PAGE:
Content warning: this article discusses mental health and suicide.
Osher Günsberg is undoubtedly one of the busiest Aussies in showbiz. Along with several podcasts, the 47-year-old hosts a staggering four TV shows including the Bachelor franchise and the recently-returned Masked Singer.
In an exclusive chat with Yahoo Lifestyle, Osher opens up about his pivot from the bright lights of reality TV to investigate Australia's alarmingly high suicide rates in the SBS documentary Osher Günsberg: A Matter of Life and Death.
A matter of life and death
There's no other way to put it: our country's suicide stats are confronting and alarming.
It's a subject close to home for Osher, who has long been open about his own past experiences with depression, psychosis and suicidal ideation.
In A Matter of Life and Death, Osher asks what's being done to address the issue and why it doesn't seem to get the same attention as other causes of death.
"If 56 people died this week from, I don't know, let's just say bus crashes, we would stop every bus in the country until we figured it out," he says.
'I've been there'
The good thing is, as Osher discovers, the experts agree that suicide is preventable and there's a raft of new science, innovative thinking and technology that's helping to do so.
But that's addressing only part of the problem. The long-standing stigma attached to mental health issues, Osher explains, can cause those who are struggling as well as their friends and family to clam up.
"It's so socially very difficult to have that discussion because of what we're afraid of discovering if someone's in that much pain.
"We're afraid to even ask the question because we're afraid to be exposed to what's probably quite a personal thing.
"But we need to stop. [Choosing to avoid] feeling uncomfortable asking someone a question is not worth a life."
Normalising discussions around taboo topics such as depression, anxiety and suicide is a fight Osher's more than willing to take on.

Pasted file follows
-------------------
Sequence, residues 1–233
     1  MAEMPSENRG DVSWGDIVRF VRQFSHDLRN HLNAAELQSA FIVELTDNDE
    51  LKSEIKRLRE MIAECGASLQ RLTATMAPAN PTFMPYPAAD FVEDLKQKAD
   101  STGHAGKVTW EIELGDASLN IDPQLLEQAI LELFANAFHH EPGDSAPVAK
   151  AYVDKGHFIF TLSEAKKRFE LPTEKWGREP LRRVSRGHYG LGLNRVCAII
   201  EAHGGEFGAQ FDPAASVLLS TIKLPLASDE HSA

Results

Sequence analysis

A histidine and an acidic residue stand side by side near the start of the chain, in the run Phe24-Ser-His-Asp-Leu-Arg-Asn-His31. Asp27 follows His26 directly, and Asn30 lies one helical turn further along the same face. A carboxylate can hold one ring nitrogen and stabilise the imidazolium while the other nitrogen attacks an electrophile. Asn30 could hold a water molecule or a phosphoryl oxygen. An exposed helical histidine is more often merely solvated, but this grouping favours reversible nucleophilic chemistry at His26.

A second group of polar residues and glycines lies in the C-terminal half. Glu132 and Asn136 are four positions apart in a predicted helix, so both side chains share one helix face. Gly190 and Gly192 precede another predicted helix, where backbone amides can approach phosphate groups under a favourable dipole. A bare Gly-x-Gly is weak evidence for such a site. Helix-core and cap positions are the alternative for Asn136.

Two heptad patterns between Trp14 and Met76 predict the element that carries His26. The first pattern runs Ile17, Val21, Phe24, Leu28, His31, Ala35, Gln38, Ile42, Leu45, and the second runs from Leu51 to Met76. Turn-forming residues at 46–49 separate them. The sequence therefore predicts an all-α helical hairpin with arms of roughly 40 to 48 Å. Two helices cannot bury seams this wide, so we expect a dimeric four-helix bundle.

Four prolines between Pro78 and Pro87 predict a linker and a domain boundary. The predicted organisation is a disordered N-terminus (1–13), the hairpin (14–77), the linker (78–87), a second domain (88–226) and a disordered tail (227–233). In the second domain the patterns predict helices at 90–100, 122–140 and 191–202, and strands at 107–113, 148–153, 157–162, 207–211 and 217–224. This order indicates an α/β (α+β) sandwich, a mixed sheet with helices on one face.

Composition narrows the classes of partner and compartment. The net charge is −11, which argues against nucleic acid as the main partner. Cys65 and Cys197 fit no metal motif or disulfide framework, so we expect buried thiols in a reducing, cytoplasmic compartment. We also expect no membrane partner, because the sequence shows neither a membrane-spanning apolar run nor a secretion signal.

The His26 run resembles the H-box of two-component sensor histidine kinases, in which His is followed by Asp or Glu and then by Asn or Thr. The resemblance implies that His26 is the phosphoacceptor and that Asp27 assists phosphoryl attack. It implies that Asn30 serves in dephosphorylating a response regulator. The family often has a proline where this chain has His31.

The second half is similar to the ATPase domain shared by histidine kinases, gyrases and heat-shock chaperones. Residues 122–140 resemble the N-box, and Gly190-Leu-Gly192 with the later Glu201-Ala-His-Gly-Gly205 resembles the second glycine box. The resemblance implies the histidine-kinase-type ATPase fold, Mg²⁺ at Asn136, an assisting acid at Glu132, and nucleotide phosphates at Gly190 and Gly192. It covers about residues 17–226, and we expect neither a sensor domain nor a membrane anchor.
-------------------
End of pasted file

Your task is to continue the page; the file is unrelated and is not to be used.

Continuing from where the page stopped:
"We absolutely have to talk about it, it's a national emergency. Not to mention the 179 people who will attempt [suicide] today.
"That is someone who's in a humongous amount of pain and every one of those 179 people has a husband, wife, brother, sister, father, daughter, son, uncle, cousin who knows that they're in that much pain, so it's affecting a lot of people in our community.
"So when they [SBS] asked me to come and do this documentary I said, 'Absolutely. I've been there, I know what it's like. How can I help?'"
Osher's recipe for mental wellness
As for taking care of his mental health while juggling his full-on career and family life, Osher tells Yahoo Lifestyle that he has a bit of assistance behind the scenes.
"I guess at this point I'm essentially a company, and we produce one product and that product is television hosting," he says.
"My company has a finance department, we have a scheduling department, we have a management department, we have a marketing department so there's a team of people around me that help me bring the product that I deliver," he adds.
As a highly sought-after host-with-the-most, Osher feels 'very lucky' to have people helping manage his time and to say no to projects when he's stretched too thin.
The second part of his strategy involves prioritising self-care activities that help him to reduce anxiety, manage his mood and keep his brain and body healthy.
"I try as hard as I can to make self-care a daily habit. My journaling and training to move my body. At least those two things I try to get every single day.
Osher compares the process of journaling to 'taking out the rubbish the morning after a dinner party'.
"You're like, 'Oh the kitchen stinks of prawns, ew', then you put them in the bin and the kitchen feels better.
"So I get up in the morning when my head's full of crap and I write it all down and get it all out of my head and it feels much better."
A keen cyclist, Osher tries to make going for a ride or doing a workout part of his morning routine so he can reap the benefits throughout the day.
"Exercising stimulates the release of hormones in my body that allow me to shift mood states throughout the day.
"So it's not like 'I have to go work out', it's like, 'I know this is when I work out now' in the same way that I get up in the morning and I go to the toilet or I get up in the morning and I make coffee. I get up in the morning and, after the baby's awake or whatever, I'll go and do some squats. If you make it a habit, it's easy.
"You're keeping fit mentally as well as keeping fit (hopefully) physically which gives you a kind of cushion of resilience to get through things that are unpredictable."
Osher Günsberg: A Matter of Life and Death airs 8:30pm, September 19 on SBS.
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